Equipping AI with emotional intelligence can improve outcomes

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There is a significant gap between an organization’s ambitions for using artificial intelligence (AI) and the reality of how those projects turn out, Intel chief data scientist Dr. Melvin Greer said in a conversation with VentureBeat founder and CEO Matt Marshall at last week’s Transf0rm 2021 virtual conference.

One of the key areas is emotional intelligence and mindfulness. The pandemic highlighted this gap: The way people had to juggle home and work responsibilities meant their ability to stay focused and mindful could be compromised, Greer said. This could be a problem when AI is used in a cyberattack, like when someone is trying to use a chatbot or some other adversarial machine learning technique against us.

“Our ability to get to the heart of what we’re trying to achieve can be compromised when we are not in an emotional state and mindful and present,” Greer said.

Align AI with cloud projects

In a recent Harvard Business Review survey of 3,000 executives in 14 industry sectors, just 20% of respondents said they have actually implemented AI as part of their core business.

In order to bridge the gap between ambition and reality in AI, it is “absolutely critical” that organizations align AI with their cloud computing and cybersecurity initiatives, Greer said. When organizations think about other ongoing digital transformation initiatives — cybersecurity and cloud computing, for example — and align them with AI initiatives, that becomes a force multiplier, Greer said. These initiatives don’t require the same skills, move at the same pace, or achieve the same goals, but they do fit together. Cloud computing, as a place where lots of data is stored, can be a catalyst for AI, he said. Cybersecurity is another because the data, data models, and algorithms need to be protected.

“What we are seeing is that there is an inflection point, and what it requires us to do is to think more clearly around all the other initiatives that are going on in our digital transformation or artificial intelligence projects,” he added.

Quantum vs. neuromorphic

Enterprise leaders have to stay up to date with trends because the field is evolving rapidly, but some of the emerging trends are still years away from practical use. Quantum computing and neuromorphic computing are two very exciting research areas, Greer said, but neither is at a point of having commercial applications yet. In 2017, Intel formed its neuromorphic research community with about 100 universities and 50 industry partners. Researchers get access to hardware and computing platforms, along with a software development kit specifically designed as a software optimization mechanism, Greer said.

“We will see commercial applications and neuromorphic brain-inspired computing much sooner than we will with quantum,” Greer predicted, but noted that was still five to 10 years out.

In the past few years, Intel has made itself a data-centric organization that focuses on AI as a core competency. While many companies have been working on developing AI for different uses, Greer said, there is a significant gap between the ambition that organizations want to achieve and the reality associated with insights those data and programs delivered. For example, Greer said organizations need to start thinking about the emotional intelligence and mindfulness of AI. In the current stage of the COVID-19 pandemic, individuals need to work on multiple tasks at the same time; thus the ability to stay focused and be mindful may sometimes be compromised.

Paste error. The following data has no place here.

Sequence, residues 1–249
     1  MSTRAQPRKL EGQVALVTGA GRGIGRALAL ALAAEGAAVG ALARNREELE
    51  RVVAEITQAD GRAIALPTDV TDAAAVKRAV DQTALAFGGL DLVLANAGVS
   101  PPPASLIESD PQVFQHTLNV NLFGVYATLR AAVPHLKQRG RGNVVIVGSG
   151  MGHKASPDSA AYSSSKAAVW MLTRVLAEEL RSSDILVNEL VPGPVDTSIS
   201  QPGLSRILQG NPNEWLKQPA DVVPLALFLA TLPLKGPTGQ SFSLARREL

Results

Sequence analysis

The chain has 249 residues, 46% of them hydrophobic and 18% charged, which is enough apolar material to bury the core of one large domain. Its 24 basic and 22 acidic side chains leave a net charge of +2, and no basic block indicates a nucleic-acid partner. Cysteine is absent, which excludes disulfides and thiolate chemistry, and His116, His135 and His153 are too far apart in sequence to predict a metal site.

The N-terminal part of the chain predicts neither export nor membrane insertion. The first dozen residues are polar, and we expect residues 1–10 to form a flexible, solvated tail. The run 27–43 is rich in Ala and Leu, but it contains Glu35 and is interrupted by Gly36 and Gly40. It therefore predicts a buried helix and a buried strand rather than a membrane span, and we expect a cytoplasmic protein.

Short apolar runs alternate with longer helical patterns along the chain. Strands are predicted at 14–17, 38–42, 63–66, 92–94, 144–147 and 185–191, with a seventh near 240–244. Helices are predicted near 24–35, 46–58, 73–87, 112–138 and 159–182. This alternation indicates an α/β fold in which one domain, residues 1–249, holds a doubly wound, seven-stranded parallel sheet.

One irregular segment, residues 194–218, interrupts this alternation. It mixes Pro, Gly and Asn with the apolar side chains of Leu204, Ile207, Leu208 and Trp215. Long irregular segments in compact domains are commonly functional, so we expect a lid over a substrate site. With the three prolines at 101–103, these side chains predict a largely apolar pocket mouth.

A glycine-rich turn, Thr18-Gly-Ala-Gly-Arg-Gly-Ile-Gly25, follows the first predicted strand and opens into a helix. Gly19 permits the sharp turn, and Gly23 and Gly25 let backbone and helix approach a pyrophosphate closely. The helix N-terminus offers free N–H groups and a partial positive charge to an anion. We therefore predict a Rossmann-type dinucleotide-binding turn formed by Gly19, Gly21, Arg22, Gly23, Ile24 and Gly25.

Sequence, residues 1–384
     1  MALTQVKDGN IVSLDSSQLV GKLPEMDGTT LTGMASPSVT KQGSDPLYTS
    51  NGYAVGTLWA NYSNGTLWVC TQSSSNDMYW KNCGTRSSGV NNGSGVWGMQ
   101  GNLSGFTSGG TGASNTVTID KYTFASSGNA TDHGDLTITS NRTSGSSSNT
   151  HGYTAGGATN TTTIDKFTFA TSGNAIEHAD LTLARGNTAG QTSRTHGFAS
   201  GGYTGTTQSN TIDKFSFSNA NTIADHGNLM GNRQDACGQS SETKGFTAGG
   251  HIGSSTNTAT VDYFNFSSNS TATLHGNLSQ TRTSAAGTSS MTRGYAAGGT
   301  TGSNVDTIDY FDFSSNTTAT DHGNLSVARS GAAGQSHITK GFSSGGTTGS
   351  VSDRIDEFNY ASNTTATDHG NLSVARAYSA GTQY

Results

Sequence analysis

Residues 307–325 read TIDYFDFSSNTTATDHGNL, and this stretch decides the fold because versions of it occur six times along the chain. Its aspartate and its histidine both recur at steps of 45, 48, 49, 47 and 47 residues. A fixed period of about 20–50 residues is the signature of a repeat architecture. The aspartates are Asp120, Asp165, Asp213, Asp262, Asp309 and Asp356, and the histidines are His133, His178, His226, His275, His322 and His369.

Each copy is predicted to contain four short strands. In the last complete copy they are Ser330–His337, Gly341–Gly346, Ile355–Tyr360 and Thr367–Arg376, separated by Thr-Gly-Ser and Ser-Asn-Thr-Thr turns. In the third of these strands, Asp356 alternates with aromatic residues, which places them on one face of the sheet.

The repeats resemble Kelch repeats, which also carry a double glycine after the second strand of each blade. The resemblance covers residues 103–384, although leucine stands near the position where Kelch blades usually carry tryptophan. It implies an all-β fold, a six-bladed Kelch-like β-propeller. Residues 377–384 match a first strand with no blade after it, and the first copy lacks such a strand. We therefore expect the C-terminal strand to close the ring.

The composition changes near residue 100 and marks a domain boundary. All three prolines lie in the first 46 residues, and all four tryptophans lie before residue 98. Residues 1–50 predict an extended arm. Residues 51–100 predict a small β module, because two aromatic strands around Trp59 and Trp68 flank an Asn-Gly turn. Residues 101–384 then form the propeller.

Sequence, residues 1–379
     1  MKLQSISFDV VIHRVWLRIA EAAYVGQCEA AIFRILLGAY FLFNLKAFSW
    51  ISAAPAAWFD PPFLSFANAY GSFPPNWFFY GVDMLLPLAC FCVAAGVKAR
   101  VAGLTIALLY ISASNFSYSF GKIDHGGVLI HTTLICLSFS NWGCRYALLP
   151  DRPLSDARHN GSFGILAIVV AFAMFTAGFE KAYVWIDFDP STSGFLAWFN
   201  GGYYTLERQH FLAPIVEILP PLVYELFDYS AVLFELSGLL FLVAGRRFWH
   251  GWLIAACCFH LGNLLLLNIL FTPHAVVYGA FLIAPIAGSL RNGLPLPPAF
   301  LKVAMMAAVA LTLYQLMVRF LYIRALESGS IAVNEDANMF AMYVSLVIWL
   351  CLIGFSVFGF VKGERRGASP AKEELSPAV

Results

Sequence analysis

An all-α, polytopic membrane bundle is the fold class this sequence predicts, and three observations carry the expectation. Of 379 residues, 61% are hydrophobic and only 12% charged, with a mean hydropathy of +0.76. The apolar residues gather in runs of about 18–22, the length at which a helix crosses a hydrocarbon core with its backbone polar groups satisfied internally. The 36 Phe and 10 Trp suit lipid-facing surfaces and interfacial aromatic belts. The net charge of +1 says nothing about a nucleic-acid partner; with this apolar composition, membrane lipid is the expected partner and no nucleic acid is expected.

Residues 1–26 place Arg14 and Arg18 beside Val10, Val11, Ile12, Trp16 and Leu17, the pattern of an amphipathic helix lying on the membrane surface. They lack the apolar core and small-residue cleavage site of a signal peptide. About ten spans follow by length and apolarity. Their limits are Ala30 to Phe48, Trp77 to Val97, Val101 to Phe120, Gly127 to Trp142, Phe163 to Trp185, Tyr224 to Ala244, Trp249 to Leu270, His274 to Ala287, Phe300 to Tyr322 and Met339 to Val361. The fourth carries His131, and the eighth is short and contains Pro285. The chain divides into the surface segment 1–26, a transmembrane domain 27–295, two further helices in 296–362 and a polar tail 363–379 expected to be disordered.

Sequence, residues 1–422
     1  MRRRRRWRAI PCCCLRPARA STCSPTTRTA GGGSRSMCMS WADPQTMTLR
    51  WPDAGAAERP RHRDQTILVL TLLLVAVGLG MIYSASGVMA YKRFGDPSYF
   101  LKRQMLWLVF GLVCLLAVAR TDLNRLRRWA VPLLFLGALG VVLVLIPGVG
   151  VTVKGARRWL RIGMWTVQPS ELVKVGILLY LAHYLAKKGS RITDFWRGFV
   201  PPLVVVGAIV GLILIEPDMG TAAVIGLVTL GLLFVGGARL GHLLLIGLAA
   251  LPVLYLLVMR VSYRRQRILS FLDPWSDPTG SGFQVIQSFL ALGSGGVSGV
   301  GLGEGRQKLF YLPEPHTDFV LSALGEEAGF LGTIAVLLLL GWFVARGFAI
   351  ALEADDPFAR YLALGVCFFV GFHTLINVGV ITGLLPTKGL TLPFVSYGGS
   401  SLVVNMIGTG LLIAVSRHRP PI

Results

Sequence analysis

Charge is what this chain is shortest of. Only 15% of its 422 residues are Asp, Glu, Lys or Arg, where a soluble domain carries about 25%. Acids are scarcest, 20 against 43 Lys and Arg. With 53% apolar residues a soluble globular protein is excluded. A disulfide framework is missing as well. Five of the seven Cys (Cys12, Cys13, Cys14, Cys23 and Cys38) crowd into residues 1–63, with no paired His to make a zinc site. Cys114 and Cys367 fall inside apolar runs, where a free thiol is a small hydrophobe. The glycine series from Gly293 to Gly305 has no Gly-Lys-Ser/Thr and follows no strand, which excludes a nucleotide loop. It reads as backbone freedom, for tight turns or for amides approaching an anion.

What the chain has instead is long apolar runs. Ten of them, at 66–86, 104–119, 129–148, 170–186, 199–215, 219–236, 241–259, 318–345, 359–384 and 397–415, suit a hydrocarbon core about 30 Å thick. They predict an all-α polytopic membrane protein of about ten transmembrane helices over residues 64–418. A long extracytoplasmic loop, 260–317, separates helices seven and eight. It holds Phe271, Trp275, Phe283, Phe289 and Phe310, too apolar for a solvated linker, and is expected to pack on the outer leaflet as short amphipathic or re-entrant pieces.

Growing AI capabilities

Greer noted that while investments in AI initiatives have tripled since 2016, many of those are driven by the fear of missing out, rather than successes in the development and deployment of AI. The enthusiasm, investment, and activity around AI aside, organizations need a pragmatic approach, Greer said.

One thing to consider is that in some cases, AI is not a suitable option, he said. It is important to be “absolutely crystal clear” about the problem to solve before trying to figure out whether to run deep learning applications.

Understanding the workforce — which means having diverse teams in the development and distribution of AI capabilities — is the most critical, Greer said. The lack of diverse talent “requires us to pretend everybody is representative of the very homogeneous people that make up the talent pool,” he said.

Having a data strategy

Another gap enterprises often overlook is the amount of data they have and what they can do with it. Many enterprises don’t have the access to manage the data they need to become successful. Greer estimated that 85% of a data scientist’s job is making data available, manageable, and governable so it can be used. Data needs to be classified, managed, and labeled at the point it is being created. Considering that data is being created at 3.7 terabytes per person every day, it isn’t easy to go back and clean data later. Before an organization can develop an AI strategy, it has to first create a data strategy.

“We’re still very much in a situation where if we have really bad data, we will simply do stupid things faster with machines, and we will train them to do things which are inherently erroneous or bias,” Greer said.

It is imperative that researchers, scientists, and developers take a human-centric approach to data and AI systems. Intel has published its ethical principles, or human rights policy, around how AI should be used, and is engaged with non-governmental and international organizations on how to use AI for good, Greer said.

“Because no, data is not oil. And data is not fuel. Data is people,” Greer said.


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